Macaroni a la flot

 Flot means fleet in Russian. This simple dish consists of macaroni mixed with fried minced meat. In 17-18th centuries, in Russia similar dishes were quite popular among travelers and especially sailors; that no-fridge time meat was salted-cured and kept in barrels, thus seamen could cut a piece of the meat anytime, fry it and mix with some boiled macaroni. The dish became popular again during World War, but instead of fresh or frozen meat was used tushonka – canned stewed meat (usually fatty pork or beef), which was always on hand, and it could be stored up for years without loosing its nutritional value. Post-war period was also hard time for Russia, so such not expensive and nourishing dish didn’t get out of use. Nowadays, ‘macaroni a la flot’ are still widely-cooked and well-known dish; normally pasta tubes are used for macaroni, which mixed with fried minced meat (it can be pork, beef or mixture), onions and sometimes tomato paste or fresh chopped tomatoes.Macaroni a la flot

Macaroni a la flot

  • Servings: 4
  • Difficulty: easy
  • Print

You may try to add a shredded carrot or chopped tomato and saute it along with meat.

500g minced beef meat (with not less then 15% fat, or you may add some pork)
350g uncooked tube macaroni (like maccheroni, maccheroncini, bucatini, ziti or any other)
1 medium onion, finely chopped
1 Tbsp sunflower oil (or any other veg.oil)
1/2 Tbsp butter
salt, black pepper
chopped parsley or fennel for garnish, optional
  1. In a deep pan, melt the butter with oil on a medium heat, add onion and fry for 4-5 minutes. Add meat and use wooden or stiff spatula to break it up into small pieces. Season to taste. Ensure you stir the meat regularly so it doesn’t stick to the pan and to  make sure it cook evenly. The meat is cooked when it shows no signs of pink.
  2. Meanwhile, put pasta into a large pot of boiling water. Be sure to add plenty of salt to the water. Cook the macaroni according to package instruction.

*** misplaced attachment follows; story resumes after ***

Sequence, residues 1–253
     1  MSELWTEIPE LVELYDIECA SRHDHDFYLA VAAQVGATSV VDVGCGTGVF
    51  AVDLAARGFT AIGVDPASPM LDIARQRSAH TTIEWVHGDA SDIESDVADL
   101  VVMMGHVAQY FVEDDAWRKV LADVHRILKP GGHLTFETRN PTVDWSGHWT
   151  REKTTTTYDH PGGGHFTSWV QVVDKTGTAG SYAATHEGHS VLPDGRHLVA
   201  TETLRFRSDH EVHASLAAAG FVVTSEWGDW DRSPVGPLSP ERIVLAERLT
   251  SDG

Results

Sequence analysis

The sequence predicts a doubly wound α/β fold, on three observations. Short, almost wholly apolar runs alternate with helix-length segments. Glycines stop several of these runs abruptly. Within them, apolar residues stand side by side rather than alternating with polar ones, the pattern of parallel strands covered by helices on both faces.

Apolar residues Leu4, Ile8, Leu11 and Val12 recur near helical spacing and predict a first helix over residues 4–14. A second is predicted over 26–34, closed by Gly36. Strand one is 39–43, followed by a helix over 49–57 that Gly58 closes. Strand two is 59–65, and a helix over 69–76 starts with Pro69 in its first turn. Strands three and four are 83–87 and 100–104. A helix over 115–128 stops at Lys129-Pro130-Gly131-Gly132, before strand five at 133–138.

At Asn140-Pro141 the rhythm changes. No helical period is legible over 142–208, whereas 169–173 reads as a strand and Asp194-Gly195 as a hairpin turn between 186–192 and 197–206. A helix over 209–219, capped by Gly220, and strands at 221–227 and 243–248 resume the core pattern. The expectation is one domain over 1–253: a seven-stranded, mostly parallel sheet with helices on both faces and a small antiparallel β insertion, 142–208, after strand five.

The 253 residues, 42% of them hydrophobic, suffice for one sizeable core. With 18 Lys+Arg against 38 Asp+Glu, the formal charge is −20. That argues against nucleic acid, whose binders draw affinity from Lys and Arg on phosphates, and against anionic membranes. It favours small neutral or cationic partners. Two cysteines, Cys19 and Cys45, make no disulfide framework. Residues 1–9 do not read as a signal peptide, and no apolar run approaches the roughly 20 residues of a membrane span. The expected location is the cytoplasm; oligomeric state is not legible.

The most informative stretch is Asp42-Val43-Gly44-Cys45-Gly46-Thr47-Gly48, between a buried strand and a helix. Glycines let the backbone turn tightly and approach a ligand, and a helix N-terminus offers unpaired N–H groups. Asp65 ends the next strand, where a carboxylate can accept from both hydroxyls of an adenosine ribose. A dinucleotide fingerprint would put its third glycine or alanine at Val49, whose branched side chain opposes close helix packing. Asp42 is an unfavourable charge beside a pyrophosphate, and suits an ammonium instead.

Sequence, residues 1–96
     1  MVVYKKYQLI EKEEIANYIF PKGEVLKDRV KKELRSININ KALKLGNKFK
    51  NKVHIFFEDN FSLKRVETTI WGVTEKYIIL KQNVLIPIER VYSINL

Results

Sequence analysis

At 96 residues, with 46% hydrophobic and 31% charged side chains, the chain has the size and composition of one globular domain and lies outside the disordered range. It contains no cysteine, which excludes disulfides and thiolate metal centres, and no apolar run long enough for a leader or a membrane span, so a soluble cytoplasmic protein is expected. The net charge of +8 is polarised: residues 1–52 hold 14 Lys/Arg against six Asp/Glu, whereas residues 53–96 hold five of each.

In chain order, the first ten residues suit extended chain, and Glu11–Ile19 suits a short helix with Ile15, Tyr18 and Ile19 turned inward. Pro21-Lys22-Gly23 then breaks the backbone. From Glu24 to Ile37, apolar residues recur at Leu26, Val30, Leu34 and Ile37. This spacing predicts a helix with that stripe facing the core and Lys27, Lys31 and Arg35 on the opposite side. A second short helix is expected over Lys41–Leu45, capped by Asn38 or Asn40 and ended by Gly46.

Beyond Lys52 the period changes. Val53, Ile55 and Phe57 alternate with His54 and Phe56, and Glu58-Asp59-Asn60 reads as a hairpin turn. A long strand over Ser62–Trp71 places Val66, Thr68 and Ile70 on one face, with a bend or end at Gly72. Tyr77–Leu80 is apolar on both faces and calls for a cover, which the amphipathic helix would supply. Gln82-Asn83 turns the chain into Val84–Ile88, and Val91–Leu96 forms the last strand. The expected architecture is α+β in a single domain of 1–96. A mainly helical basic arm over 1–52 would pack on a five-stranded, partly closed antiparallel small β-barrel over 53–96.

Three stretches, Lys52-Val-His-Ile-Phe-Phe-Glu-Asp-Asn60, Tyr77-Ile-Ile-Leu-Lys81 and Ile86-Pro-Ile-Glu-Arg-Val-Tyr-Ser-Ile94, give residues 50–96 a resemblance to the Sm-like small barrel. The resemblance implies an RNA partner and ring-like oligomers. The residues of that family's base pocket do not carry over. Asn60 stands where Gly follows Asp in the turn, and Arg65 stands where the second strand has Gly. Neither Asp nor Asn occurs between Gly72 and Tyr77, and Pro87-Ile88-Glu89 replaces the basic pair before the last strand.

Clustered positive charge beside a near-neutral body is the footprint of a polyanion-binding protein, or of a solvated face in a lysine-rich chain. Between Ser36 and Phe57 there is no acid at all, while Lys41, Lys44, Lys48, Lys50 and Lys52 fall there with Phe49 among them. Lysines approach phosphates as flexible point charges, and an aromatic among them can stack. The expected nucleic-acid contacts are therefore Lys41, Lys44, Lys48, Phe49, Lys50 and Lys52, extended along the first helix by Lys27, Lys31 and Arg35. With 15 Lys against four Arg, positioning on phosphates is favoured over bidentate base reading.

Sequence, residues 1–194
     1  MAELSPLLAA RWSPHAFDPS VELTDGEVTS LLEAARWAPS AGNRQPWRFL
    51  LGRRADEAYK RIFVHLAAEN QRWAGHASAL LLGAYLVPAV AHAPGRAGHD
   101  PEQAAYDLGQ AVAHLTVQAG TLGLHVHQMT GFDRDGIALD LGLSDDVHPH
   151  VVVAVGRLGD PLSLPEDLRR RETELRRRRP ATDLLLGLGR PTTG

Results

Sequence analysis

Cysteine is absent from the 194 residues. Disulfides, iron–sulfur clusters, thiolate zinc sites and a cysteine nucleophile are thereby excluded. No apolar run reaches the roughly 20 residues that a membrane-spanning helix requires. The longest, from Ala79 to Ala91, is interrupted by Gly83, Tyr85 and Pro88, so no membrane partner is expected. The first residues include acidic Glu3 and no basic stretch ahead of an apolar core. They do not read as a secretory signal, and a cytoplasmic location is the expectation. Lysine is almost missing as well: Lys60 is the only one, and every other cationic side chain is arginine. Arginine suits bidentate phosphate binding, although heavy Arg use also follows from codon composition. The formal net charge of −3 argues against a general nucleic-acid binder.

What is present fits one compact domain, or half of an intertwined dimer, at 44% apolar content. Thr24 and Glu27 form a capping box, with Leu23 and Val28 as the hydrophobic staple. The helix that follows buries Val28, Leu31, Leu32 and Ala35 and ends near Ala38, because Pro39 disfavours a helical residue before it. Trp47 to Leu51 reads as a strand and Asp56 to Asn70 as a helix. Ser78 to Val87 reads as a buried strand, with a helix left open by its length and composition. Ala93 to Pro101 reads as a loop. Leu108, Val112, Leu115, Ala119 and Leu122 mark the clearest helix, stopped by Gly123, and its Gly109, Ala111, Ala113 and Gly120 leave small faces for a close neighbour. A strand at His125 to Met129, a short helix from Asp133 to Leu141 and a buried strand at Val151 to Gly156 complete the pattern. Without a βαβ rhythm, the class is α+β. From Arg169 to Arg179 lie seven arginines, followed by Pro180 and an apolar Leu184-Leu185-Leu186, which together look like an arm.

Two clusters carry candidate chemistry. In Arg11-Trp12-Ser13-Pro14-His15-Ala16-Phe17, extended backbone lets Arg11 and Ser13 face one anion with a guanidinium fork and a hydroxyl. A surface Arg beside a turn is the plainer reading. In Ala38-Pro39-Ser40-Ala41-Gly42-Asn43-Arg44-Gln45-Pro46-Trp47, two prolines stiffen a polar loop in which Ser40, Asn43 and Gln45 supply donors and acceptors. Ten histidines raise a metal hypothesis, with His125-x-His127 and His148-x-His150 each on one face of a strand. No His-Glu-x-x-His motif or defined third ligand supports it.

3. Add 3-4 Tbsp of pasta-boiling water to the meat, mix well.
  4. When the pasta is al dente, drain it and add to the pan with meat. Give it a good stir.
  5. Serve warm. Sprinkle with chopped parsley or fennel, if desired.



  1. Darya says:

    Oh, this brings back so many memories. As a child, my mom used to send me to a Russian-speaking camp in France, and the cook made this at least once or twice a week! I LOVED it then, and I have no doubts I’d love it now!

      • Glenda says:

        I would never have thought of those options. Being an American, the first thing that comes to my mind when I think tubular type pasta is cheese! LOL! Some stereotypes do exist based on a general reality!!

      • milkandbun says:

        Ooops, I think I wrote incorrectly – I meant add carrot to the meat, to saute it along with meat.. 🙂
        But cheese goes perfect with pasta! 😉

  2. Amanda says:

    I always love the history you give with your meals. It puts them in context and really helps me to appreciate how they came about and thus the flavors and reasons behind them. So cool. This is one dish my husband could actually make and enjoy. He’s good at various versions of chicken too, but this is kind of something like what he makes once a week.

  3. I grew up with tube long macaronis too. In Iran, all pastas are called macaroni. 🙂 Lately, I have been making macaroni meat sauce without tomato or tomato paste. I did not know that it can be called macaroni a la flot. I love it, simple and delectable.

  4. Ginger says:

    Loved the bit of history – all I know about meat on board of Russian ships comes for ‘Battleship Potemkin’, so your post has been able to reassure me a little about the health and safety standards on board 😉

  5. Konstantin says:

    In Restaurant:

    -What would you like to eat?
    -Mm.. I like seafood..
    -Fish..? Prawns..?
    -Macaroni a la flot please..

  6. Pingback: Monastery beetroot salad with coriander seeds | milkandbun

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